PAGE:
Sunday, December 19, 2010

Houston Press Blog

Food Fight: Battle Hummus
June 3, 2010
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No, this isn't your average Food Fight. Plenty of great restaurants in town have excellent hummus. This is grocery store Food Fight, if you will. This is a pressed-for-time, oh-my-word-people-are-coming-over-in-half-an-hour, what-the-hell-am-I-going-serve-them Food Fight.

And that's where grocery store hummus comes in.

If you're like most of America, you don't have have stuff sitting around in your refrigerator on the off chance that people are coming to visit. You might have some basics, though, that you can supplement in a hurry: crackers, baby carrots, maybe even some white wine.

You can put together a great spread of appetizers in a hurry with just those things and a couple of extras you can pick up in five minutes flat at the grocery store: olives from the olive bar, some tangy feta or goat cheese, a few pears to slice up and maybe even some berries if you want a dessert item. But don't forget the hummus.

Hummus has replaced unhealthier items -- like sour cream and onion or spinach-artichoke dips, which taste delicious but are entirely too heavy and artery-clogging -- as the go-to dip of choice these days. It isn't too unfamiliar for your guests yet still retains that slight tinge of the exotic that makes it fun to eat.

But which brands are the best?


Sabra is more expensive than Athenos, but only by a dollar. And it's worth it. If you're truly interested in being frugal, you'll buy your Sabra in bulk at Costco like we do. Of course, a tub never lasts long and we inevitably never have any when guests decide to randomly drop by.

The texture of the finely pureeed Sabra hummus was airy, soft and light yet thick at the same time. There was a citrusy tang to the hummus that played nicely off the nuttiness of the chickpeas, and topped with a little paprika and olive oil you could happily pass this off as homemade. It's clear a lot more effort goes into making Sabra than Athenos.

The Winner

Sabra. Absolutely no contest.

Friday, December 17, 2010

Butterscotch Sundae

Now we're cooking with hummus
December 17, 2010
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Last night we had a few people over for a hummus party sponsored by Sabra. It was the second event I’ve done with HouseParty, and it was fun. We didn’t really party like it was 1999 — no confetti or paranoia about Y2K — but we did have hummus-stuffed chicken. I’d never made any sort of stuffed chicken, and I’d never cooked with hummus before. It was surprisingly good.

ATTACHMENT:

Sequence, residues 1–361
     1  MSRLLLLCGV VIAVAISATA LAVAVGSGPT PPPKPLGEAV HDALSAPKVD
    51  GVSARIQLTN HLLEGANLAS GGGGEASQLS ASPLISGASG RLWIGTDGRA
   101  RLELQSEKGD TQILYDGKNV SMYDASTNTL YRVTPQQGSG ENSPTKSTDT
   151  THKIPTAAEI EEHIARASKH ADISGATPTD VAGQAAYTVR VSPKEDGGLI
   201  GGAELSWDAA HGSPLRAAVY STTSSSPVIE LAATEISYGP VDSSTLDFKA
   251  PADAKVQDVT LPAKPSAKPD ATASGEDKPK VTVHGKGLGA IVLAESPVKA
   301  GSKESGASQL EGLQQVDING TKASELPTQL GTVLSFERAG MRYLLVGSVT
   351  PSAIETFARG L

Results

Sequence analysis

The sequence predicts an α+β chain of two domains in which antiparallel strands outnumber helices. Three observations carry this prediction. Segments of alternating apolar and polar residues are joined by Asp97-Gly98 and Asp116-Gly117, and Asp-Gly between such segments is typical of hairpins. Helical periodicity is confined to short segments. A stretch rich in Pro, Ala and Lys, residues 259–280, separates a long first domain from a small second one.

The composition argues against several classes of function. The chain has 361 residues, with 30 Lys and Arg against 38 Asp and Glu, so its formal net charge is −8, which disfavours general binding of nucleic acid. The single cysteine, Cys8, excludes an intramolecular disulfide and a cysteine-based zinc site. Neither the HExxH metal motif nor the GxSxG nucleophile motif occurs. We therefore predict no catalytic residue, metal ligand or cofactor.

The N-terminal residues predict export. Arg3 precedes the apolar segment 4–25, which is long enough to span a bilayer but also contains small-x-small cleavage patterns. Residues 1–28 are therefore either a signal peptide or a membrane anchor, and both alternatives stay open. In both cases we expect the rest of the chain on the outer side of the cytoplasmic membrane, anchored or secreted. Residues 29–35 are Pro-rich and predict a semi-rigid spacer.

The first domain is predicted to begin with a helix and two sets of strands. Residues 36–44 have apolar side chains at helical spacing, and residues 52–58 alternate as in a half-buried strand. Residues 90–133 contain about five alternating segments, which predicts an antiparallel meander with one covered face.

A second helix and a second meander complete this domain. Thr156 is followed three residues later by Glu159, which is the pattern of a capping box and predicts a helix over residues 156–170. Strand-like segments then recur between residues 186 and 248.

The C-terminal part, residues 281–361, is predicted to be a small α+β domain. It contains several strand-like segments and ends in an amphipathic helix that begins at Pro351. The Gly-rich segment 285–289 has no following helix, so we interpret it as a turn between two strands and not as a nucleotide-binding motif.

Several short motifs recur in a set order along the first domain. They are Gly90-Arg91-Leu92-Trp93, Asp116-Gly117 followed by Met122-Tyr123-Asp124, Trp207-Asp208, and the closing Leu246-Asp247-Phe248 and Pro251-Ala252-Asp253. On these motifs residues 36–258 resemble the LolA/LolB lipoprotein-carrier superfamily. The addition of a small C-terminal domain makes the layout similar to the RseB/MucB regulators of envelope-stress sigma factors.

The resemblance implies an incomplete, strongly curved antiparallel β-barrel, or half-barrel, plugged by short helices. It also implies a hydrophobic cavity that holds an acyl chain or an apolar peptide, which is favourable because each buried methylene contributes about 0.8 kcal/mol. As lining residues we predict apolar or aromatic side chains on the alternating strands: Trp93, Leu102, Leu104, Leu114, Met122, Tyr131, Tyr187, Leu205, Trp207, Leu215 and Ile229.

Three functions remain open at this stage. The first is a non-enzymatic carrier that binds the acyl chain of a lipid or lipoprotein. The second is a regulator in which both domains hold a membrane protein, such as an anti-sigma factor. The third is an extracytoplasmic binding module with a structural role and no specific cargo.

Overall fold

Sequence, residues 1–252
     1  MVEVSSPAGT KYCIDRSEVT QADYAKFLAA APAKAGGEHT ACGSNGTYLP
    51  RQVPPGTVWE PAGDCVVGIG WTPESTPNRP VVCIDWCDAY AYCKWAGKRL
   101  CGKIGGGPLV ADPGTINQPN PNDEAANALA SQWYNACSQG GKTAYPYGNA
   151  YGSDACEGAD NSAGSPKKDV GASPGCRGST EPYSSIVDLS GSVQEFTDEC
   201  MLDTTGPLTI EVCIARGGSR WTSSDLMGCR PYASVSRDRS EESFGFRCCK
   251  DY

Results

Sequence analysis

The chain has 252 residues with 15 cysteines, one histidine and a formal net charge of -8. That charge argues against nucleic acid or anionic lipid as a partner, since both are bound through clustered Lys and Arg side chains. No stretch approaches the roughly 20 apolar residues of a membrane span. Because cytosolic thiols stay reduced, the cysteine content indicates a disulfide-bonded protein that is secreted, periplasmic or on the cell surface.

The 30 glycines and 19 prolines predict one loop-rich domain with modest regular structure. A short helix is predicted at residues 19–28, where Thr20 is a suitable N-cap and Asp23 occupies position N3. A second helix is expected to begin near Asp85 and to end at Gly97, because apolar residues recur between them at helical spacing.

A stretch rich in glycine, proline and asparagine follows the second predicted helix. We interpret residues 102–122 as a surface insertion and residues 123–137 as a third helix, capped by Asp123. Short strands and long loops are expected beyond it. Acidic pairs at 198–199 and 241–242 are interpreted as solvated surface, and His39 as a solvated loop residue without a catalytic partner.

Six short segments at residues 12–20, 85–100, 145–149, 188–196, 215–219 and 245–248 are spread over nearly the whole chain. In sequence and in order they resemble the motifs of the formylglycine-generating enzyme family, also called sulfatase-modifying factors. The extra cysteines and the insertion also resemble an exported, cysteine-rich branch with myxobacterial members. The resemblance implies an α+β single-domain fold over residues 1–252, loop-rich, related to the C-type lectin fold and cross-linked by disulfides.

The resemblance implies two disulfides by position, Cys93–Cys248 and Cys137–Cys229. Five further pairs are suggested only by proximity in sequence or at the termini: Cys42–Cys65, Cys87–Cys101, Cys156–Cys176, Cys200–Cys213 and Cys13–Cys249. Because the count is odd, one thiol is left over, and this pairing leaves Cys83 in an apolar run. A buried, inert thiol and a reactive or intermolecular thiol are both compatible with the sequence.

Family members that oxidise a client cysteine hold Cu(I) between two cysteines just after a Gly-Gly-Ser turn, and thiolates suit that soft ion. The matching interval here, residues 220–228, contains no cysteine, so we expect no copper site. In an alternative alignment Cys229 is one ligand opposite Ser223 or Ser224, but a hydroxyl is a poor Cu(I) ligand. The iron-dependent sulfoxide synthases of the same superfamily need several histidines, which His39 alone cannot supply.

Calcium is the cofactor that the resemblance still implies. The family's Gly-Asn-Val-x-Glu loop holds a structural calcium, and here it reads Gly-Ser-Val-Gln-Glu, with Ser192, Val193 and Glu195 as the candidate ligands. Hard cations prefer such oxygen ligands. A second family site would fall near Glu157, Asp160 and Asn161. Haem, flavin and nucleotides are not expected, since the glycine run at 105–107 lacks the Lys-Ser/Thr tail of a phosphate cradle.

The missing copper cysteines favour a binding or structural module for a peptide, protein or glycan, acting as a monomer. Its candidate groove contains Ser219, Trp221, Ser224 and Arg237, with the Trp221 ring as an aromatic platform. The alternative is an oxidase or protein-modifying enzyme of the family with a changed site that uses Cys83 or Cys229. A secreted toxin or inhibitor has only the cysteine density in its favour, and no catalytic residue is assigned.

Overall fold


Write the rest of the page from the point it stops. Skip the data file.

Monday: Leftover hummus-stuffed chicken
I made a lot of chicken yesterday, and I’m pleased to have enough left for dinner tonight. I am not often pleased to have leftovers, because I don’t always like to eat them. And then they sit in the fridge making me feel guilty for days, until I ignore them long enough for them to turn into a science experiment and then Rockford throws them away. But this was a really tasty dish, and I’m looking forward to having it again tonight. Here’s the recipe:
Hummus-Stuffed Chicken
Recipe from Sabra
1/2 cup Sabra hummus — I used the “Luscious Lemon” variety, and it gave the chicken a great lemony flavor
4 boneless, skinless chicken breasts, 5-6 ounces each, tenderloins removed
1 cup unbleached, all-purpose flour
4 large eggs, egg whites only
1 tablespoon water
1 1/2 cups Panko bread crumbs
Salt and pepper to taste
1/3 cup olive oil

Place trimmed chicken breast in a large zippered plastic bag. Pound with a meat pounder or a rolling pin until 1/4-inch thick. Repeat with all chicken breasts; each breast should be about 8 inches long and 6 inches wide.
Lay the chicken breasts smooth-side down on work surface and season with salt and pepper. Spread evenly about 2 tablespoons hummus on the chicken breasts leaving about 1/2-inch border all around. Roll each chicken breast and wrap each rolled breast in a sheet of aluminum foil or plastic wrap. Twist the ends like a candy wrapper and chill in the refrigerator about 45 minutes.

Heat oven to 400 degrees. Using 3 pie plates or shallow dishes, pour the flour in one, lightly whisk the egg whites and water in the other and place the breadcrumbs in the other. Unwrap the chicken breasts roll in the flour (shake off excess), then submerge in the egg whites (let the excess drip off) and then place in the breadcrumbs, use your fingers to press the breadcrumbs so that they stick.

Heat 1/4-cup olive oil in a large non-stick skillet until shimmering, about 4 minutes. Place the rolled chicken breasts in the oil, seam side down. Cook until golden, about 2 minutes on all sides. Put the chicken breasts (seam side down) in a baking dish and cook about 25 minutes or until thermometer registers 175 degrees. Remove from oven and let sit for 5 minutes. Using a sharp knife, slice on a bias into 4 or 5 pieces.

Monday, December 13, 2010

Cooking Vegan

Sabra Spinach and Artichoke Hummus
December 13, 2010
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Sabra Spinach and Artichoke Hummus and Ritz crackers.

We always love finding stuff in the supermarket that just happens to be vegan, and my husband has a knack for finding winners. This hummus is amazing, and as far as I can tell contains no non-vegan ingredients. It’s just a perfect blend of flavors. And regular Ritz crackers happen to be vegan as well. (So is the Meijer brand Applause crackers.)